The Future of State Pensions
A looming State Pension funding crisis underlines the need for retirement savers to make the most of available reliefs and allowances.
You might remember conversations from your younger days when your grandparents encouraged you to ‘save your pennies for a rainy day’ in a piggybank. But then when you entered the world of work, making your contributions through tax and national insurance, you expect that a State Pension will subsidise your own pension contributions. With a looming State Pension funding crisis, savers approaching their retirement should be encouraged to consider making better use of reliefs and allowances that will support them in their old age…
The UK’s finances haven’t been on top form, and following Phil Hammond’s Spring Statement declaration that “there is light at the end of the tunnel”, you would be forgiven for believing the public purse was in better shape. But a Government Actuary’s Department report revealed a deficit that would suggest the National Insurance Fund could be reduced to nothing by the early 2030s. State Pensions are truly at risk. It’s simple maths. When National Insurance contributions (NICs) are of a lesser value than the sum paid out in benefits, there’s a deficit that has to be absorbed in some way. Sadly, it’s the State Pension that funds 90% of this shortfall.
The current state of play…
The value of the fund stands at a healthy £25 billion. With a rise in the State Pension age, most of us remaining in work for longer, we’ll all be paying contributions for a longer period. But with a declining ratio of those in employment compared to those in retirement, and the impact of the State Pension triple-lock – which guarantees that payments increase to coincide with the highest of average earnings, inflation or 2.5% – sees the size of the fund take a significant tumble from 2025 onwards. If the current downward spiral continues, it’s likely that by 2032, the fund will have disappeared completely.
“If the system is to continue to cover the current form of State Pension and other benefits, then either the fund’s income has to rise or expenditure has to be controlled,” says Martin Lunnon of GAD.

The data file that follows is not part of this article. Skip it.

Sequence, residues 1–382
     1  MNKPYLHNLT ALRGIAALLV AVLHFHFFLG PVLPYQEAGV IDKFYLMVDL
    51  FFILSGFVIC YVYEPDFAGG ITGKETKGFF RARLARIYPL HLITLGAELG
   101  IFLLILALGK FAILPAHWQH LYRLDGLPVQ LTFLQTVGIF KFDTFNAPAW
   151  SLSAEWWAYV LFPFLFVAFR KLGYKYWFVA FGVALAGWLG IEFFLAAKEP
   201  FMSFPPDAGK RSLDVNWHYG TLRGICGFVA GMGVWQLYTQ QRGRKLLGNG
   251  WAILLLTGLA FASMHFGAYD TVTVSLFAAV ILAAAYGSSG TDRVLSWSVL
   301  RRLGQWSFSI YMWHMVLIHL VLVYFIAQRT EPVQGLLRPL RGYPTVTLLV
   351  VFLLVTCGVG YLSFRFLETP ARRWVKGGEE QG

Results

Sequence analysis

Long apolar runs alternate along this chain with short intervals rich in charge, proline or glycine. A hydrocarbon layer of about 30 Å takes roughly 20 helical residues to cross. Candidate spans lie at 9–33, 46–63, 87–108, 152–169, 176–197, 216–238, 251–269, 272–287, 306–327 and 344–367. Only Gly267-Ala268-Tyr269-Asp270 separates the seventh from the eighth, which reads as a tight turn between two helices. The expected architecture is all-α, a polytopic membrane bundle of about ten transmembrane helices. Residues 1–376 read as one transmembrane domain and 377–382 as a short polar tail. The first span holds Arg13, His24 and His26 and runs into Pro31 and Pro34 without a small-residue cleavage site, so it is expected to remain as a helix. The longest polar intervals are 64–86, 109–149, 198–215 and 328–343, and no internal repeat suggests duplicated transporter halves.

If we believe that the government is responsible for keeping up appearances in relation to the State Pension fund, then they’ll need to create an additional £11.6 billion by 2030, increasing to £55.9 billion by 2040. Can the government make up for this shortfall taking into account the ticking time-bomb around the health of our State Pension fund?
Barely a day passes by when we’re not confronted with headlines around shortages within the NHS and local policing budgets following funding cuts that have pushed public services to breaking point. It would also be incredibly unpopular to increase NICs to guarantee a State Pension for future generations. The Conservative Party had controversially tried to increase rates for the self-employed, where it was noted by GAD that “substantial increases in National Insurance contribution rates would both be particularly politically sensitive and would again require primary legislation” .
What can be done?
Can the government look elsewhere? Retiring at 65 is soon to be a thing of the past. With an increase in the State Pension age from 2020 to 66 for both men and women, and again to 67 between 2026 and 2028, there are no guarantees that the pension age won’t increase again to help the deficit.
Short of discovering a colony of money trees, this money has to be clawed back from somewhere. Sadly, it looks like the savers will be the saviours of the State Pension pot, having benefits and allowances stripped back. Providing tax relief on pension contributions has never been formally mandated, it all depends on the appetite of the conveyer belt of chancellors in office over the years and the relative wealth of the country. It’s the decision of the government on whether they choose to abolish favourable rates for savers. As a big spender of over £50 billion on tax relief last year alone, the government could be considering an overhaul in benefits sooner rather than later.
The right solution for you…
The annual allowance for pension contributions came down from £255,000 a year, to £50,000 then £40,000. Top earners could have their annual allowance reduced to £10,000 under new rules. It’s quite possible that those earning less lofty sums could see a reduction applied to their future allowances, which would make it more of a challenge to build their own retirement funds, especially in light of reducing state benefits.
We encourage those with generous reliefs and allowances to utilise them as best as they can. This means using this year’s annual allowance and monopolising on any unused allowances from the three previous tax years. This allows individuals to benefit from current rates of tax relief and potentially enjoy a higher income when they stop work, especially when the State Pension might be more of a pipedream than a reality.
The levels and bases of taxation and reliefs from taxation can change at any time. The value of any tax reliefs depends on individual circumstances.